Thursday, July 29, 2004

You could easily call this the Summer of Destruction in Saskatoon.  I can't think of a time when more large buildings have been under demolition.  I've already mentioned the old Hudson Bay parkade coming down.  The site is now nothing more than a big hole full of rubble.  Nearby another commercial building has just been knocked down over the past few days.  Located on 23rd Street by the City Transit bus mall it had contained various businesses over the  years, but had largely been empty in recent times.  The city ended up with it when the previous owner defaulted on his taxes.  Its been claimed that the bus mall has screwed things up for that building, but frankly I think there was something more than that going on.  In any case the city decided to demolish it because it was not only empty but suffering from some sort of mold problem.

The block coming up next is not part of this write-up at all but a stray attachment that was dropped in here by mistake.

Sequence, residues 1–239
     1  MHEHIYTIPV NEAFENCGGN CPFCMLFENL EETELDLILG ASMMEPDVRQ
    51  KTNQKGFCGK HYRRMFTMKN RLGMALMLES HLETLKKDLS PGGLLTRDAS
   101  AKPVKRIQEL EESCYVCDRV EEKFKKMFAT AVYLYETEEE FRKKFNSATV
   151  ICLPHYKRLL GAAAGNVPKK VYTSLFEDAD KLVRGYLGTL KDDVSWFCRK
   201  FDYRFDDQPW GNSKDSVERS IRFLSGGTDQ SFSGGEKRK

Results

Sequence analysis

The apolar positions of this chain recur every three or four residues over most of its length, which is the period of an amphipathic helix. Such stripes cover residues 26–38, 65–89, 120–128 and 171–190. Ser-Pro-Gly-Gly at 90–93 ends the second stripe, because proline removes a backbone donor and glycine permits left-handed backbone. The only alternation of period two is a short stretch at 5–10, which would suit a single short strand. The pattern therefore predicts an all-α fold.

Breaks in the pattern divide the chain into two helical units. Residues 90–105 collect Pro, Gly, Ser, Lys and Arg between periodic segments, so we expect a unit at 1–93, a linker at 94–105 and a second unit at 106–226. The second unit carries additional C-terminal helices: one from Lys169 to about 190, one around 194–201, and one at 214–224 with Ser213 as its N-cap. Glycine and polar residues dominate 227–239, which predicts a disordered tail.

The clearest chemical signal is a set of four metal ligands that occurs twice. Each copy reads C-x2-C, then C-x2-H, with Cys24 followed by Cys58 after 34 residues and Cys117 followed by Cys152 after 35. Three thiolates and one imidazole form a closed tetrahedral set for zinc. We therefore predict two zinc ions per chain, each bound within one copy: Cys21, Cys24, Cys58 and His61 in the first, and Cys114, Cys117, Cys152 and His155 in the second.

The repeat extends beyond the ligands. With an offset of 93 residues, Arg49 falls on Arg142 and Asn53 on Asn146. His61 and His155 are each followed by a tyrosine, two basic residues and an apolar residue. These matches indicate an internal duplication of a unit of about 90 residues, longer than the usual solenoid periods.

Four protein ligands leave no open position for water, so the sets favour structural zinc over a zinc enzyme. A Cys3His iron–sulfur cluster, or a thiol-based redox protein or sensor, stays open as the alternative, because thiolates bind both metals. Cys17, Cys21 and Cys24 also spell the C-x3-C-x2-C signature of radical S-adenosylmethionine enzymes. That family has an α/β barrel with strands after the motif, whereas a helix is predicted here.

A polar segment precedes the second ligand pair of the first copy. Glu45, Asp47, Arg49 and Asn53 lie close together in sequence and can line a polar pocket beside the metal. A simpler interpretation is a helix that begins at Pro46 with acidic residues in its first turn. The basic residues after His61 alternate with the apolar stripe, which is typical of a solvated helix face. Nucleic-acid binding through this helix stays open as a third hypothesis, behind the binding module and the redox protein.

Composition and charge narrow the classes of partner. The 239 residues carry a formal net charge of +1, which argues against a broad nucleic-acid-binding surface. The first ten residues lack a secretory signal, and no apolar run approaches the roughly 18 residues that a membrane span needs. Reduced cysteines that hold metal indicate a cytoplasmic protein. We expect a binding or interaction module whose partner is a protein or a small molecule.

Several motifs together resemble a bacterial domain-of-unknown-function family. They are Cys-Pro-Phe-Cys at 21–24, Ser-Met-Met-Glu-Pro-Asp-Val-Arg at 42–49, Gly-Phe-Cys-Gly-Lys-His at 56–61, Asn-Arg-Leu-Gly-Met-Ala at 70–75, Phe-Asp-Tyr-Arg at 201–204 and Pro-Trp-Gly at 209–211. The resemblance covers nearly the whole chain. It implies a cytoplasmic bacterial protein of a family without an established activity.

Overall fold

Then there's the Gathercole building by the river.  A former technical college in more recent years it had served as headquarters for the Saskatoon Public School Board.  Lots of folks, for reasons that really don't resonate with me(the building has never had any real appeal to me, it looked like an old box), wanted the building preserved.  But the consensus amongst city planners and others was that it should be knocked down to make way for the long planned and still nebulous South Downtown redevelopment project.  And so down it goes.  Of course things might have gone a bit differently if the tv series Body & Soul, filmed here in Saskatoon, including in the Gathercole,  had been successful.  Starring current garden products spokesman and miniseries favourite Peter Strauss it was filmed in 2002 for the US PAX Network, but was cancelled after 9 episodes were filmed.  Given how minor league of a channel PAX is the series must have done really poorly.  At the time production began the folks behind the series were optimistically talking about as much as a four year run.  Of course no one will have much luck marketing a series if they don't make lofty predictions.

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